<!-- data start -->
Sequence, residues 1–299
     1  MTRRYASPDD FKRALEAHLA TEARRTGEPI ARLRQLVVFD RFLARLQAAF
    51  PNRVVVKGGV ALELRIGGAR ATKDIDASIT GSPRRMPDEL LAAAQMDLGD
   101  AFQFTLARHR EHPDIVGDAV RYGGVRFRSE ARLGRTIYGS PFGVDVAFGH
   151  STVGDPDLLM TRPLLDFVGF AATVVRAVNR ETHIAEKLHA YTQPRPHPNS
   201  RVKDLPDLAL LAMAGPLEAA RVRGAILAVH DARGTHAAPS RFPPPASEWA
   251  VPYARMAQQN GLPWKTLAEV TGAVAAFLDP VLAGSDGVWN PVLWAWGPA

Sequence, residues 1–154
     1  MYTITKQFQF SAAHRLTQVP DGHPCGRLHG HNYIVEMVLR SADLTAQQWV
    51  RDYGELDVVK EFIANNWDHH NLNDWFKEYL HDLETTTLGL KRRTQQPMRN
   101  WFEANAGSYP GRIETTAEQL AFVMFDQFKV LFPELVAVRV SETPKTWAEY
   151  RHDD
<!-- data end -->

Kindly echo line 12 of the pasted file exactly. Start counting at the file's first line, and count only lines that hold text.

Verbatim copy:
   151  RHDD